If you can simply run filters until the suspicious area 'looks a bit different' and thats your success criteria, you haven't proven anything.

Neal specializes in this sort of thing. This blog post wasn't written to convince you that PCA (or ELA) work. If you've read his other posts on forensics, you'd see that he always starts with the common tests, then works through the most likely explanations, trying to see what you can rule out and where you should focus. A lot of the time, you can rule things out with common sense (the out-of-order numbers jumped out at me), though he always goes on to ferret out what manipulation was performed, because that's what the whole blog is about.

Anyhow, people have done lots of tests with lots of different tools to see what they report in different circumstances. So this isn't the first time that someone has used ELA or something. You will notice if you read past explanations that he always tries to find the exact manipulations done, rather than just running a tool and declaring something to have been Photoshopped.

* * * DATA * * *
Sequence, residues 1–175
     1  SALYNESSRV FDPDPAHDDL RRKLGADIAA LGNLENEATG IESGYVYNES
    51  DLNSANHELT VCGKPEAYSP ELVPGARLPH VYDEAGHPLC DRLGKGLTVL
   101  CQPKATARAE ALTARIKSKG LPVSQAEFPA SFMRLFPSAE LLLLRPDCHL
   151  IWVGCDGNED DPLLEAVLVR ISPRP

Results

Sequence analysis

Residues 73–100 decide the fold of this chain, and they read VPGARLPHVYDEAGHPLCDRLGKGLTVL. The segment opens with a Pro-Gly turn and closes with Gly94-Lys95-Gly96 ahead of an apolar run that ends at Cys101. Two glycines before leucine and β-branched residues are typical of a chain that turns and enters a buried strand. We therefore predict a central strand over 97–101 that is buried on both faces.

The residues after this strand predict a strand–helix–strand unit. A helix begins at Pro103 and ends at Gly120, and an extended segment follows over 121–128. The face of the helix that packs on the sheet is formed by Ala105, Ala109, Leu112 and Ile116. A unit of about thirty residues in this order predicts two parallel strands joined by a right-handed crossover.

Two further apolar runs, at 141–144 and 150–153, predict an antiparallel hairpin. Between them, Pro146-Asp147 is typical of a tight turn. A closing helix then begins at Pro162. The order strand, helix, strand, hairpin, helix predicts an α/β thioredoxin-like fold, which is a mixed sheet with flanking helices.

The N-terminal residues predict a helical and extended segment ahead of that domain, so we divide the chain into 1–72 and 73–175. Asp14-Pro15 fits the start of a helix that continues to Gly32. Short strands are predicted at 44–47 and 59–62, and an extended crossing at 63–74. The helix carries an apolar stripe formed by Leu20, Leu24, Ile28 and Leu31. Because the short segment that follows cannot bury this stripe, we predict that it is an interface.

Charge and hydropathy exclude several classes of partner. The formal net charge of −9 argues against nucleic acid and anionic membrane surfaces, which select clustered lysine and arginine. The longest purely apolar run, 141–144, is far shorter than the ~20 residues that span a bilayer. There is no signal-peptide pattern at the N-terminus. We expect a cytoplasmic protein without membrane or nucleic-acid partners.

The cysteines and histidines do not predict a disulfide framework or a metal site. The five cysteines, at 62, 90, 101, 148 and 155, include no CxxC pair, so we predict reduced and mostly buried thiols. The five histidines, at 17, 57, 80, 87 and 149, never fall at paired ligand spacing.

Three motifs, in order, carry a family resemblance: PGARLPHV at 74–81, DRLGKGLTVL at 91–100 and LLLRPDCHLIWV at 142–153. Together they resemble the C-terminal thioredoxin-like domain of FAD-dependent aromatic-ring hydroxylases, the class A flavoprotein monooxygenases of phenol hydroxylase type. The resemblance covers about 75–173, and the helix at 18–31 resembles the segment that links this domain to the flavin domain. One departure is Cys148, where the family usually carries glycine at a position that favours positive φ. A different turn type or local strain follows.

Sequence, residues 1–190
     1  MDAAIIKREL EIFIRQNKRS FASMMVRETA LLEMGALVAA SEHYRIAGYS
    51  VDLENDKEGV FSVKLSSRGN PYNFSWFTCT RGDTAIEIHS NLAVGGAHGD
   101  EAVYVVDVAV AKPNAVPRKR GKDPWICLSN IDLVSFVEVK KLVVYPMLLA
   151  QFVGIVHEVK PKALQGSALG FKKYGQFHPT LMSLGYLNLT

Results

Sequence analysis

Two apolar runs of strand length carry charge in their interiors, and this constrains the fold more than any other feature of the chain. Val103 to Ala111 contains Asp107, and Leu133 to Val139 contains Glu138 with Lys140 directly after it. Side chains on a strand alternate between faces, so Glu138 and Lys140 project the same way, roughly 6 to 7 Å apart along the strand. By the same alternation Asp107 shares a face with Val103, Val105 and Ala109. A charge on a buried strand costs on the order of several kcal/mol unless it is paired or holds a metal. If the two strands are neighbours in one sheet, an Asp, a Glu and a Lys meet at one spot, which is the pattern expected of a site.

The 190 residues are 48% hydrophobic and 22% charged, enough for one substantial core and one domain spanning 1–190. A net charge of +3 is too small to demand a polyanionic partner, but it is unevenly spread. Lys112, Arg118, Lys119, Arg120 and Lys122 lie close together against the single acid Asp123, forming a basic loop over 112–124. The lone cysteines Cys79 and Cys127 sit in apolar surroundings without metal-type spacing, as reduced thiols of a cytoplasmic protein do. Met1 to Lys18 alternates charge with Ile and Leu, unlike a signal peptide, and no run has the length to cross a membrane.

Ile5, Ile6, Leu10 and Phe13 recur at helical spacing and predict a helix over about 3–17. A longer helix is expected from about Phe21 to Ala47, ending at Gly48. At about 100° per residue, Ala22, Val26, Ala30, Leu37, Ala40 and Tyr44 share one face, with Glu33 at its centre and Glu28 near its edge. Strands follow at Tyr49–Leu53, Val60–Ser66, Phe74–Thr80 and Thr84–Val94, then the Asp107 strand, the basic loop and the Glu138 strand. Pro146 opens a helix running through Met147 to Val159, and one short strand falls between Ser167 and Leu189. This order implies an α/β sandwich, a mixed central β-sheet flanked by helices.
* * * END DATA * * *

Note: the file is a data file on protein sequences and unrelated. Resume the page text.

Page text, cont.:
I'm no expert, but I've read his blog for long enough to know that he knows an awful lot about the various quirks of many different image editing programs (Photoshop being by far the quirkiest). But if you still have questions, you can always email him. He was kind enough to reply with a lot of useful information when I asked him something a long time ago. Actually, I think he even blogged about it.

It doesn't matter how good your intentions are if you place human intuition into the loop you will fool yourself.

That's true, but trivially so. Things that aren't infallible can still be useful, but understanding their limitations is important.

If you read that blog, you can find plenty of discussion of those limitations, for example, how the absence of markers of digital manipulation does not prove that an image is genuine. After all, there are plenty of staged photos out there, images that were framed in a misleading way, etc.

I'm not making a trivial point though. I believe the tools, techniques and expertise this guy professes in image analysis are modern day snake oil. I just think that he has deluded himself instead of being deliberately dishonest.